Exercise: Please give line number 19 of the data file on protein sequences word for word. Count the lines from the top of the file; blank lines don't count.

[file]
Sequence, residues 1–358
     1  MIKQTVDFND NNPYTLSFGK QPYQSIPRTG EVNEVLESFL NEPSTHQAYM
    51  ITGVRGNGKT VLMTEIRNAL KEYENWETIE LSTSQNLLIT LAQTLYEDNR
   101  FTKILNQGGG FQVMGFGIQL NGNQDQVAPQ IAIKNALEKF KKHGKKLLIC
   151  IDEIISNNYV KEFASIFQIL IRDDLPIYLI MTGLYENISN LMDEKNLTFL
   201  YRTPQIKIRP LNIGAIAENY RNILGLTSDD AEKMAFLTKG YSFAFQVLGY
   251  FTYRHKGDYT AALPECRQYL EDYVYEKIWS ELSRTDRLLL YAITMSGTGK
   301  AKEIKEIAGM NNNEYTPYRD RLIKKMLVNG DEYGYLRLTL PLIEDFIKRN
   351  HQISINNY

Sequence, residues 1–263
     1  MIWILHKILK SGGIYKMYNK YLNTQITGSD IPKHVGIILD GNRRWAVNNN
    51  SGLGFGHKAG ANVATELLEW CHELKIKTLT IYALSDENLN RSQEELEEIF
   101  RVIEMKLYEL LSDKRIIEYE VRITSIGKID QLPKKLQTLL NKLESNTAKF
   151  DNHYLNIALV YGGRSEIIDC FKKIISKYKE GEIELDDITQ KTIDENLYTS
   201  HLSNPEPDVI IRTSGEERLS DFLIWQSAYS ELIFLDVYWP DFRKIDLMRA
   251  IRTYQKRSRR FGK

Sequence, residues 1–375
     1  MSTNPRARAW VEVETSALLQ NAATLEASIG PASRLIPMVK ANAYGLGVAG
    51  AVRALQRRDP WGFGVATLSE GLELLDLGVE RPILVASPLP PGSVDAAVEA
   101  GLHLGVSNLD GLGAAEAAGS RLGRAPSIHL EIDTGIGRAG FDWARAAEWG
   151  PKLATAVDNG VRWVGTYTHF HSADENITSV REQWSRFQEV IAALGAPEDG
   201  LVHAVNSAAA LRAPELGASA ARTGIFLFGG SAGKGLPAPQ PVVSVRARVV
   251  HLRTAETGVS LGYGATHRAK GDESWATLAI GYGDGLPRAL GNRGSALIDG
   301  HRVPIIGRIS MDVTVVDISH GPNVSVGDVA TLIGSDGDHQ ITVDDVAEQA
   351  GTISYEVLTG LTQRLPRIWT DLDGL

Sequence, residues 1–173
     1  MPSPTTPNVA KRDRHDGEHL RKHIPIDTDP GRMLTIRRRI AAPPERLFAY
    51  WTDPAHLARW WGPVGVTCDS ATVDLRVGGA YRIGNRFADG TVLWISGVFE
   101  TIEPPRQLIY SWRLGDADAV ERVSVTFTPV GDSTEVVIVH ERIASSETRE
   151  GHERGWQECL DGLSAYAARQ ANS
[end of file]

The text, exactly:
    51  AVRALQRRDP WGFGVATLSE GLELLDLGVE RPILVASPLP PGSVDAAVEA